How can we make our cities healthier and happier by design?
By Courtney Ross
Leaders around the world are contemplating how to re-invent cities to promote physical activity, relaxation and social connectedness while allowing people to stay safely apart and out of their cars. Infrastructures like greenways, parklets and slow streets have emerged as exciting—although expensive—urban solutions to the dual crises of climate change and COVID-19. Yet we know surprisingly little about how these investments impact health and wellbeing at a local level, including how and who they benefit.
This week, the Interventions, Research, and Action in Cities Team (INTERACT), a Canadian research group co-led by SFU health sciences professor Meghan Winters, is launching the second wave of a five-year study to fill this knowledge gap, and they’re asking Vancouverites to get involved.
INTERACT is a national collaboration of scientists, public health experts and city partners using big data and new mobile sensing methods to provide governments with evidence that informs future investments in healthy cities.
“Our cities are living laboratories,” says Winters, “INTERACT has a rare opportunity to study ours as it goes through a turning point in history.”
While the context of city living may have changed since the study began two years ago, INTERACT’s core research question remains the same, and may be even more relevant: How do we create cities that are healthier and happier for everyone, by design?
Since its launch in 2018, INTERACT has been engaging with thousands of Canadians across four cities to evaluate the health impacts of real-world urban design interventions that represent an investment of more than $225M.
“Designing spaces that make it easy to be active and interactive is a big priority for cities,” says Winters. “There is lot to learn before we can be confident that the changes we invest in today will positively impact the vitality of our communities tomorrow. We need better data to get to that point.”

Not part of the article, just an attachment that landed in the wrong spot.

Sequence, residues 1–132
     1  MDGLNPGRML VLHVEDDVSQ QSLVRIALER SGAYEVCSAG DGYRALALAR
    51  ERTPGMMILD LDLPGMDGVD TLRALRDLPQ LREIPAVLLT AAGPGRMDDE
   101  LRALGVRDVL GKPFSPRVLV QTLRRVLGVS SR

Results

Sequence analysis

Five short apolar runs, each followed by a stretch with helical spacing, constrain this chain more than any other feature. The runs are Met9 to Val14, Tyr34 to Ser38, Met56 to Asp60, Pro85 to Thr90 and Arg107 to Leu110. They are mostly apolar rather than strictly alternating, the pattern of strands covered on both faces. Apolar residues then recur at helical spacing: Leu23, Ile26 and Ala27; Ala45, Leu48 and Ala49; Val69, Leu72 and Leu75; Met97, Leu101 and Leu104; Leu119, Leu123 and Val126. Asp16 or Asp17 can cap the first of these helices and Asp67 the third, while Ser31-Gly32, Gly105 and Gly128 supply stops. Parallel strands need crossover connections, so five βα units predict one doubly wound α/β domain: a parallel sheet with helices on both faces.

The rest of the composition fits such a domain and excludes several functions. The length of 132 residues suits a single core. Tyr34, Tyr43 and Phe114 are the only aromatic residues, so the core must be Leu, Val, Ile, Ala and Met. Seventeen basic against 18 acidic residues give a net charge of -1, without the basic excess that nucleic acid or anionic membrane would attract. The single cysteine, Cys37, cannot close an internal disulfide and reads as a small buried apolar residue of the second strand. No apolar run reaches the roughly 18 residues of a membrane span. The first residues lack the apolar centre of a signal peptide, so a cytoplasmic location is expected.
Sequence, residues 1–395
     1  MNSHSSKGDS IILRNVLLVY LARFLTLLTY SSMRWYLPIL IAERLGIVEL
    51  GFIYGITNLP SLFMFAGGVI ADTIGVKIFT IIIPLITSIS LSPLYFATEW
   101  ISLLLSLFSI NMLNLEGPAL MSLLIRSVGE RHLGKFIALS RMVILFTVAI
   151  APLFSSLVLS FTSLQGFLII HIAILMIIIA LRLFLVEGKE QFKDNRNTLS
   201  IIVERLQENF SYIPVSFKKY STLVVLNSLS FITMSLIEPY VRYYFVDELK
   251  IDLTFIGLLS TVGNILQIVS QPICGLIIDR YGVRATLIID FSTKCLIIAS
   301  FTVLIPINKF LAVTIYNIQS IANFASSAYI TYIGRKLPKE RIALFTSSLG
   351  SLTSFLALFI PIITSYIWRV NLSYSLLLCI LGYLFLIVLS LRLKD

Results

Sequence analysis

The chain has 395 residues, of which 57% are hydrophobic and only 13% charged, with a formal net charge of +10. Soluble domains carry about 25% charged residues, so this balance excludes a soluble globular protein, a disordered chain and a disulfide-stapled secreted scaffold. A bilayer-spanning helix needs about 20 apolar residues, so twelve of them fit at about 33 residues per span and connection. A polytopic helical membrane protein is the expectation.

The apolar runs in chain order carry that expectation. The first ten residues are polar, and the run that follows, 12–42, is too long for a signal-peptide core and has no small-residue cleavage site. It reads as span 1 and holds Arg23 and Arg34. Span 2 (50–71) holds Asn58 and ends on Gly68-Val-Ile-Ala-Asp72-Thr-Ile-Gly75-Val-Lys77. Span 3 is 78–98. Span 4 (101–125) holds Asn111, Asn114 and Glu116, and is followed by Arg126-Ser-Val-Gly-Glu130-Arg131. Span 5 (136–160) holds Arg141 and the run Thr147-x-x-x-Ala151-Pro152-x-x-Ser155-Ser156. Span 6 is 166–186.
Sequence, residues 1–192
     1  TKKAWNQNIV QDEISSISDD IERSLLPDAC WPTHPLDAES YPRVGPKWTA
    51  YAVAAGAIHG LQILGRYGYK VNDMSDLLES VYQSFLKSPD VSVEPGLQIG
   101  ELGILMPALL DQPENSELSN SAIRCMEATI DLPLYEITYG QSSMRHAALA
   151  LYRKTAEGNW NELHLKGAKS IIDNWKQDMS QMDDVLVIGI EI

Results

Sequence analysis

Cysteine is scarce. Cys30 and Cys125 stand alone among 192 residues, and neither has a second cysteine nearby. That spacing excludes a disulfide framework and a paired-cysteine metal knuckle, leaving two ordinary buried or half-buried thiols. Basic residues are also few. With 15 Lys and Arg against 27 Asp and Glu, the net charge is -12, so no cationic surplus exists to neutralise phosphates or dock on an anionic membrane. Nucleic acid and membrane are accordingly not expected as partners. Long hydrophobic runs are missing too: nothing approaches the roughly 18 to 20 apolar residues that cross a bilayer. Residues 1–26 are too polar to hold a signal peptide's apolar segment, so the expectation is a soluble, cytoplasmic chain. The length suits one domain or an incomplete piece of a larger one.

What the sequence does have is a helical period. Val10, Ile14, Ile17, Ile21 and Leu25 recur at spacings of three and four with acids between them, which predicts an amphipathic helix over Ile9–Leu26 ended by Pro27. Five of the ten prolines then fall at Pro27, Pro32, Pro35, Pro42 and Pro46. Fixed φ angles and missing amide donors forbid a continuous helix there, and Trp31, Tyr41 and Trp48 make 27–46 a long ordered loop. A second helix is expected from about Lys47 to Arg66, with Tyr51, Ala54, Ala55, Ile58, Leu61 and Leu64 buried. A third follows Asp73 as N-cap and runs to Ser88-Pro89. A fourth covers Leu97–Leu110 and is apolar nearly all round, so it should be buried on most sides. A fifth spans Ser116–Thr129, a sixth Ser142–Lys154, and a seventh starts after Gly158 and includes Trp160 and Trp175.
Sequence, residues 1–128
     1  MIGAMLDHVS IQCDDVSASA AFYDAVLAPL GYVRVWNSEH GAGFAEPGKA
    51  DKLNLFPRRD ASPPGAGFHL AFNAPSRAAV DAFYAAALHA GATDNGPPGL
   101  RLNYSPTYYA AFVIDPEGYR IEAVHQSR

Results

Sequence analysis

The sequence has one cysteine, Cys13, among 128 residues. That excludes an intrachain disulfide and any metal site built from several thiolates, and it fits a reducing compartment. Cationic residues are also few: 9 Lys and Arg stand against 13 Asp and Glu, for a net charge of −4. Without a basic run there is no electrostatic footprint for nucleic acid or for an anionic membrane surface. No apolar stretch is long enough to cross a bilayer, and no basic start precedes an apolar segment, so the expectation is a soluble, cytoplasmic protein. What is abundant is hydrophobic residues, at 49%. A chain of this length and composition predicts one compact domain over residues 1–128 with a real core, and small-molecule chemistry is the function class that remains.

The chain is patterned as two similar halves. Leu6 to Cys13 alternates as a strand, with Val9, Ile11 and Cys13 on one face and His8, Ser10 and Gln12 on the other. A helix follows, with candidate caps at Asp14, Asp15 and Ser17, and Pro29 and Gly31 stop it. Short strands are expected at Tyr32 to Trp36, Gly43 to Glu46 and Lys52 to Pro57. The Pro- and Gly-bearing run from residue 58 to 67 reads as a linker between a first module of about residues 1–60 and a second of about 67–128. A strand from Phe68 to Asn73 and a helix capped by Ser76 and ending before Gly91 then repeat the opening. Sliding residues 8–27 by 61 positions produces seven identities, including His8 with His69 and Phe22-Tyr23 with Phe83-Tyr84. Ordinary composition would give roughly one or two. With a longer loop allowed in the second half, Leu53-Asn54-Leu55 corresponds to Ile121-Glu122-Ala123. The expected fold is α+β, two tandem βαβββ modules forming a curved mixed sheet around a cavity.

In Vancouver, INTERACT is assessing how developing urban infrastructures like the Arbutus Greenway influence the physical activity, wellbeing and social participation of nearby residents, and whether these impacts are felt equally across different socioeconomic groups.
Kevin Connery is a City of Vancouver landscape architect and a leader of the Arbutus Greenway project leader since 2016. He says a tremendous amount of work and community involvement has helped shape the greenway’s long-term vision of delivering social, environmental and economic benefits to Vancouver residents and visitors.
“With the construction of the temporary greenway, and our collaboration with INTERACT, we have been able to assess many of our design assumptions and consider future possibilities,” he says. “Being able to measure if the anticipated benefits are being realized at the population health level is something we haven’t been able to definitively determine in the past; it is very exciting to bring measurable and tangible benefits to the community with INTERACT’s work.”
INTERACT is currently recruiting Vancouverites who live west of Ontario Street between False Creek and the Fraser River to join the study. Participants do not need to use the greenway; in fact, more people who don’t use it are needed. Research activities are all done with the ease of a computer or mobile device, and participants will be entered to win one of 10 $50-VISA-gift-cards.
To learn more about the study and how you can help to advance the science on healthy urban development in Vancouver and beyond, visit www.teaminteract.ca/vancouver.